‘HILMA AF KLINT: PAINTINGS FOR THE FUTURE’ at Solomon R. Guggenheim Museum (through April 23). This rapturous exhibitionupends Modernism’s holiest genesis tale — that the male trinity of Kandinsky, Malevich and Mondrian invented abstract painting starting in 1913. It demonstrates that a female Swedish artist got there first (1906-7), in great style and a radically bold scale with paintings that feel startlingly contemporary. The mother of all revisionist shows regarding Modernism.
‘LUCIO FONTANA: ON THE THRESHOLD’ at the Met Breuer (through April 14). The art of this Argentine-Italian modernist looks a bit like it comes from another planet, and it might as well, given how seldom we see it in New York. The Met Breuer show, with single environments at the Met Fifth Avenue and El Museo del Barrio, is the artist’s first museum survey here in over 40 years. This wouldn’t be especially notable — plenty of his Latin American peers never get seen at all — were Fontana, who died in 1968, not so influential a figure. The “threshold” in the title refers not only to the early phase of his career, which the Met Breuer exhibition highlights, but also to his position as a forebear of contemporary art as we know it. Things we take for granted — installation, new media and the poly-disciplinary impulse that defines so many 21st-century careers — Fontana pioneered in the 1950s.
‘THE JIM HENSON EXHIBITION’ at the Museum of the Moving Image. The rainbow connection has been established in Astoria, Queens, where this museum has opened a new permanent wingdevoted to the career of America’s great puppeteer, who was born in Mississippi in 1936 and died, too young, in 1990. Henson began presenting the short TV program “Sam and Friends” before he was out of his teens; one of its characters, the soft-faced Kermit, was fashioned from his mother’s old coat and would not mature into a frog for more than a decade. The influence of early variety television, with its succession of skits and songs, runs through “Sesame Street” and “The Muppet Show,” though Henson also spent the late 1960s crafting peace-and-love documentaries and prototyping a psychedelic nightclub. Young visitors will delight in seeing Big Bird, Elmo, Miss Piggy and the Swedish Chef; adults can dig deep into sketches and storyboards and rediscover some old friends.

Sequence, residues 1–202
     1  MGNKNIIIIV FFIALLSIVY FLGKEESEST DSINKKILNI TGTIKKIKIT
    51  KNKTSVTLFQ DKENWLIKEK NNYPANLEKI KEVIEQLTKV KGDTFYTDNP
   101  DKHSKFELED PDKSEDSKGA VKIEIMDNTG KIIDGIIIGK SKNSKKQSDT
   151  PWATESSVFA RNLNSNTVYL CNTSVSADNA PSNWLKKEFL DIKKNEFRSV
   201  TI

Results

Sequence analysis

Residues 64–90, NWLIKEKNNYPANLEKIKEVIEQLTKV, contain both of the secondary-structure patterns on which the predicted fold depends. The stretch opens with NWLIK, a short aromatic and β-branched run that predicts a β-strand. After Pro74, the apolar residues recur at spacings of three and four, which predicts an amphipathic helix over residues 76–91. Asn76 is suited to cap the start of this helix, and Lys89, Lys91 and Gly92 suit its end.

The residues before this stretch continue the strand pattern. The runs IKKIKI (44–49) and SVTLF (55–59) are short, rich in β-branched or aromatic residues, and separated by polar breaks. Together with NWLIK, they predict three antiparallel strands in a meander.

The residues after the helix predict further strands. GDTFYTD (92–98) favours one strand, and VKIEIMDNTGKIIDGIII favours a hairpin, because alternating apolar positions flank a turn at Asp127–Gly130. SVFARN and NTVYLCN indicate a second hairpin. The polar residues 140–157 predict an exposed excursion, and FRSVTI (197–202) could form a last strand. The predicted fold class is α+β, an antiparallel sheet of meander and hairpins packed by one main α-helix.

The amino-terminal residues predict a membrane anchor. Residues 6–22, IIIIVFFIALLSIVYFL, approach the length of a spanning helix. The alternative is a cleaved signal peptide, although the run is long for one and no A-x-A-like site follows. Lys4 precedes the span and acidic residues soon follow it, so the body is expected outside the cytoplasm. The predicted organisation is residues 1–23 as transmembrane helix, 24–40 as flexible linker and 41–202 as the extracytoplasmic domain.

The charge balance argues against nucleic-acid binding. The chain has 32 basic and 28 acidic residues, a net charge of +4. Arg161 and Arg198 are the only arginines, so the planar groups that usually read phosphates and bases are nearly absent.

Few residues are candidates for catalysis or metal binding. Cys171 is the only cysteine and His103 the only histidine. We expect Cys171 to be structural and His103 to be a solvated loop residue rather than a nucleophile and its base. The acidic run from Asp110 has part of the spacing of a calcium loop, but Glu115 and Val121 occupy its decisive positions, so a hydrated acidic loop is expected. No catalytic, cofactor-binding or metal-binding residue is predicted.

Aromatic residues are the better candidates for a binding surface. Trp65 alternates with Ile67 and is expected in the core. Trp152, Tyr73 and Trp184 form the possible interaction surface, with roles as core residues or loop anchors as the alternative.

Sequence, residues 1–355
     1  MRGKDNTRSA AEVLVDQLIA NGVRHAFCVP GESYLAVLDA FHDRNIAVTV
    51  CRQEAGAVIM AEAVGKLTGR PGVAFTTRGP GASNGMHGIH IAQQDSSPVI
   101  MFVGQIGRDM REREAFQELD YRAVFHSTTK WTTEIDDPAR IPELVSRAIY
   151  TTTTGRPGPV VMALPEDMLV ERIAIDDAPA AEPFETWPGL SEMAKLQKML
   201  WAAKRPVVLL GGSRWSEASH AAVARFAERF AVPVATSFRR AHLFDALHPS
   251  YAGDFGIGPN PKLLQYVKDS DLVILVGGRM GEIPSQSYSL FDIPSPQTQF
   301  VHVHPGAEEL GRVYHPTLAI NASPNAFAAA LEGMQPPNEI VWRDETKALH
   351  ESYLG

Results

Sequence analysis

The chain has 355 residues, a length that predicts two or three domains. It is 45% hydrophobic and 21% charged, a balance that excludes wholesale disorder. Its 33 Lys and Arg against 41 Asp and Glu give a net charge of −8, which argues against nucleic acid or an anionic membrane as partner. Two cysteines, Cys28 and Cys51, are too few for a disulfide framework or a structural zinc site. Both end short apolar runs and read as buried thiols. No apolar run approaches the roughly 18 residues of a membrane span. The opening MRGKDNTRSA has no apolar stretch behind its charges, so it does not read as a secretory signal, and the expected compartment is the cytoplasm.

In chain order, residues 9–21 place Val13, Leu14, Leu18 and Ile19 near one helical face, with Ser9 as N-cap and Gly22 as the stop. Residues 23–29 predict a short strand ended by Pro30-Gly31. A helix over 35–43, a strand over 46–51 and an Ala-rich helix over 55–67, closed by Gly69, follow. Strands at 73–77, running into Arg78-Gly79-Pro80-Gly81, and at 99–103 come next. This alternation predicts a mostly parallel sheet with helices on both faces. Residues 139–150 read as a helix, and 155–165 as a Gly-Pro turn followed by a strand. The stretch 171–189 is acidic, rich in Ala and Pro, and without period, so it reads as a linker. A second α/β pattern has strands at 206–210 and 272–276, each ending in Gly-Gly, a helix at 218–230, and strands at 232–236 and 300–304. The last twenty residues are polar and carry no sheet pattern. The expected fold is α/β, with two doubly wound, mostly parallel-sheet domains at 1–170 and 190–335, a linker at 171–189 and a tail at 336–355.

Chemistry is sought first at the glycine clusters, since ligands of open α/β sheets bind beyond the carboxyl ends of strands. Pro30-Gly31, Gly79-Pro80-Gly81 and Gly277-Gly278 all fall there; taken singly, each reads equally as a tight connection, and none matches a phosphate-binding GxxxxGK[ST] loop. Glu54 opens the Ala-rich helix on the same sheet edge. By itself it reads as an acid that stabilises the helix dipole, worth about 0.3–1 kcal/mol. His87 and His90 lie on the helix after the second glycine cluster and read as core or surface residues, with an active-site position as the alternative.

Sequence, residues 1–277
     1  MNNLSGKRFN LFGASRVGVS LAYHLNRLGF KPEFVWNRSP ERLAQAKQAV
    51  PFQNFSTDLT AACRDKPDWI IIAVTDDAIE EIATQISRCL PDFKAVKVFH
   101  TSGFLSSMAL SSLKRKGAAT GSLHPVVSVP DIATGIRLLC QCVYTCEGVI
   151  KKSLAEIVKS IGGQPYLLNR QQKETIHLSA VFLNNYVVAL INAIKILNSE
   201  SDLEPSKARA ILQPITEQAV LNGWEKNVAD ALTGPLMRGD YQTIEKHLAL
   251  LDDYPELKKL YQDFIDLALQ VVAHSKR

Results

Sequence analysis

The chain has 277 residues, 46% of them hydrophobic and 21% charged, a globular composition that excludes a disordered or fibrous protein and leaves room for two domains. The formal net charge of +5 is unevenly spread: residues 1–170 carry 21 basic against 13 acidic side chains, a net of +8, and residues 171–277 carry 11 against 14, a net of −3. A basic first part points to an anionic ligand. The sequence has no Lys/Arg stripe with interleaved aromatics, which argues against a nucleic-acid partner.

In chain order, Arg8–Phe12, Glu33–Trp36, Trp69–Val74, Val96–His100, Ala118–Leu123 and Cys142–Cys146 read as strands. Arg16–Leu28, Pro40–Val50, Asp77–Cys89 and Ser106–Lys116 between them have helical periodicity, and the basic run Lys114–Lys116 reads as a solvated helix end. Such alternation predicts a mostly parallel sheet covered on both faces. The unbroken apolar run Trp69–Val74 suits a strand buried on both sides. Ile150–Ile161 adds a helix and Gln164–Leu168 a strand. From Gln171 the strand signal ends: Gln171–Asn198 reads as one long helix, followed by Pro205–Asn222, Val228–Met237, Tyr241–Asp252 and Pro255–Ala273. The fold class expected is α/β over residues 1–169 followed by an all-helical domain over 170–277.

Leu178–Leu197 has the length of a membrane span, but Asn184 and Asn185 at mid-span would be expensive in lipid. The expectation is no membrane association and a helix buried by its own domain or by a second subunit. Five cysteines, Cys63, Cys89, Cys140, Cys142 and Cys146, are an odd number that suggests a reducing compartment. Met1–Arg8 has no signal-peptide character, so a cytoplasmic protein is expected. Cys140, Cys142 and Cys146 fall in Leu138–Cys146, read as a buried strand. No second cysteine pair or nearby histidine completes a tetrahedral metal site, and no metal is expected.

‘FRIDA KAHLO: APPEARANCES CAN BE DECEIVING’ at the Brooklyn Museum (through May 12). This is not exactly an exhibitionof Kahlo’s art — it contains just 11 paintings, from compelling self-portraits to ghastly New Age kitsch — but an evocation of an artistic life through her elegant Oaxacan blouses and skirts, not to mention the corsets and spinal braces she wore after a crippling traffic accident. Do her outfits have the weight of art, or are they just so much biographical flimflam? Your answer may vary depending on your degree of Fridamania, but the woven shawls and color-saturated long skirts here, as well as gripping photographs of the artist by Carl Van Vechten, Imogen Cunningham, Manuel Álvarez Bravo and other great shutterbugs, suggest Kahlo’s real accomplishment was a Duchampian extension of her art far beyond the easel, into her home, her fashion and her public relationships.